I have been focusing on transit and transportation a lot in my column. It’s not to say there are not many pressing issues facing midtown, but decisions are being made now so we all need to be aware of what our elected decision-makers are doing with our trust. These decisions have a direct impact on our day-to-day lives.
In early February, Toronto city council changed the direction of our transit future yet again. The Eglinton Crosstown LRT will no longer be fully underground putting us back on the streetcar path, rather than the subway path, and is attempting to revive half of the defunct Transit City plan. It was a major issue in our last city election and continues to be. Do we build a proper backbone of our transit system based on underground transit (subways) or on streetcar lines that go down the middle of our streets? I am not anti-streetcar — streetcars can be strategically placed to work within our transit strategy — but I am against wasting public dollars on a system that will need to be upgraded soon after it is built.
The funding of transit expansion is ever present in our minds. Subways are too expensive, they say. Streetcars are cheaper and can be built in half the time, they say. Well, you get what you pay for. Further, I believe, where there is a will, there is a way — we just haven’t found the way to partner with the private sector, commercial landowners, and federal and provincial governments. Yes, funding is scarce in these times of economic recession/depression. Every dollar invested in subways pays dividends that streetcars can only dream of. I would venture to say subways need to be the way of the future because they’ve served us so well in the past. Vastly different than streetcars, subways are faster, have greater capacity, are protected from the weather, can grow with population growth and are a regional solution to our regional transportation problem.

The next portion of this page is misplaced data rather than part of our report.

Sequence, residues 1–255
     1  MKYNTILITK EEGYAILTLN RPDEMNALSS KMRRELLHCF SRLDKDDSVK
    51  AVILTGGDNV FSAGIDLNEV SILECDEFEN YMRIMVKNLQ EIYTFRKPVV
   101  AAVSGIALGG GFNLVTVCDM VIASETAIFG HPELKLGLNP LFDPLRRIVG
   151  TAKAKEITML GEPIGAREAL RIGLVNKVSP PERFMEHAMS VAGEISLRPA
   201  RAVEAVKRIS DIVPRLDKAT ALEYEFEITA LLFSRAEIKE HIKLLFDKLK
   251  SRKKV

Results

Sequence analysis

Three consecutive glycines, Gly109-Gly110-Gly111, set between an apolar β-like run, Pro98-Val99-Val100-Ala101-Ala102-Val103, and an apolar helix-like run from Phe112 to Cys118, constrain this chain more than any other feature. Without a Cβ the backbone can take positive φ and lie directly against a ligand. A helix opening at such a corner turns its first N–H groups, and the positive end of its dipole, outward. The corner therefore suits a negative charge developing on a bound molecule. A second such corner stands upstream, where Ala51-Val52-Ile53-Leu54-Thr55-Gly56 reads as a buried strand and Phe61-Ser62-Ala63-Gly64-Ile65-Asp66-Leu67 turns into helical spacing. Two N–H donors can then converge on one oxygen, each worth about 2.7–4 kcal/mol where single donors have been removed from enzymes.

Another sour issue within the transit file is the way we pay our fares. It should be easier and faster to pay the fare, especially if you don’t have correct change. Currently, the provincial government/Metrolinx is forcing the Presto payment card system on the City of Toronto (now Ottawa too). Most of the cities in the Golden Horseshoe have been forced into it. As an addition to using cash at the farebox, this system requires the transit rider to fill-up the Presto card (like depositing cash into your Tim Hortons’ or Starbuck’s card) so one may swipe it to ride until the money deposited runs out. Under Presto, the rider can only use cash or Presto, so it’s limited. And further, the Presto card technology was not found by a competitive search (we don’t know how the Premier found out about it).
Meanwhile, there is a better way: an open payment system. Years ago, the TTC held an international competitive search for new technologies for fare payment that would be suitable for TTC riders. The TTC’s search found a company (ACS/Xerox) that offered an open payment system so riders could use their debit card, credit card, their smartphone in the future, as well as the Presto card. Chicago and Philadelphia just adopted this open payment technology for their transit riders. Oh, and the ACS/Xerox technology would save Toronto $300 million in upfront capital costs and would save $16 million each year for 10 years — we taxpayers could save $460 million if we don’t go with the Presto scheme. Why is Metrolinx pushing Presto?
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